Guest post from trainer Bradley Carter, CSCS
Should children with autism workout? Short answer is yes. All children should workout and be active starting at a young age. Children with autism have a much increased chance of becoming overweight or obese compared to their neuro-typical peers starting as early as two years old. In the United Stated over a third of children from the age of 2-17 on the autism spectrum are overweight. There are a variety of reasons for this, but one thing is certain, exercise will help and the earlier you start your child down a path of exercise and healthy living the more it will help them live long healthy lives.
Exercise doesn’t just help with physical health; mental health can be drastically improved through an exercise regime as well. Children with autism can benefit by having a reduction in self-stimulatory behavior, hyperactivity, and aggression as well self-injurious and destructive behaviors. The autism specific benefits of general exercise has been shown to be one of the best treatments for depression and anxiety, along with improved sleep quality.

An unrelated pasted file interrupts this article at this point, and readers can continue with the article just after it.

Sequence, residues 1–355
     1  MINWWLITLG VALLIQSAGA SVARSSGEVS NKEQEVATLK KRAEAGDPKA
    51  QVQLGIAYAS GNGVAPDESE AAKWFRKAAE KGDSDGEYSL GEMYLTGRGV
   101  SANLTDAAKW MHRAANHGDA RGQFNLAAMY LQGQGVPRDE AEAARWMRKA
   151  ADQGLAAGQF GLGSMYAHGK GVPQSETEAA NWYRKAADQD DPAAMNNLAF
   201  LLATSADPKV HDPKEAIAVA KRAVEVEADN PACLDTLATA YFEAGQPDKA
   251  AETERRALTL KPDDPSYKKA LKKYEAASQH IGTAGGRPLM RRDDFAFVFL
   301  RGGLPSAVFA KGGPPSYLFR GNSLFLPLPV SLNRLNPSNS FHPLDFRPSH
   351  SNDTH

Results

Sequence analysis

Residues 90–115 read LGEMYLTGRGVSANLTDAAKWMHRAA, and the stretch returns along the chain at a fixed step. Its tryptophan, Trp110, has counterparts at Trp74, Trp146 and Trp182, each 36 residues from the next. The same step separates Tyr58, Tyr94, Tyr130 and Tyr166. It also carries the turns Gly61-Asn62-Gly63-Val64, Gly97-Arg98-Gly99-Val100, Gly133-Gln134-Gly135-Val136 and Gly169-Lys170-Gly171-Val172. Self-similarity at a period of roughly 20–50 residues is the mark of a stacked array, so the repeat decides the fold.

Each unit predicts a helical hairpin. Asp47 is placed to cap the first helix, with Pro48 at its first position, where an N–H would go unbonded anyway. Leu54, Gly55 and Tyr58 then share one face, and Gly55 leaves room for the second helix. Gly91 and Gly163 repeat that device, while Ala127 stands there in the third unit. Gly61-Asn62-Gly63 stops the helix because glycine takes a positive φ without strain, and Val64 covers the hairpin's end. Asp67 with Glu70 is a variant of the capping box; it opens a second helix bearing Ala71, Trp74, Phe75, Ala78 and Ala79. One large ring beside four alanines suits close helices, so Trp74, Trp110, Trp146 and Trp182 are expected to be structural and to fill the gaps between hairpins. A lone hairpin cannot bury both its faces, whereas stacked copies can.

A workout doesn’t have to be fancy or even very long; a brisk thirty-minute walk is a great place to start. Need some other ideas? Make sure to visit our YouTube channel for exercise demonstration videos. You may even see yours truly in some of them!
About the Author
Ryan Lockard, CSCS*D, CSPS*D is the Founder and CEO of Specialty Athletic Training. He is accredited by the National Strength and Conditioning Association (NSCA) as a Certified Strength and Conditioning Specialist and a Certified Special Populations Specialist. Lockard is a member of the board of directors for the Autism Society of America and the advisory board for the NSCA Oregon chapter.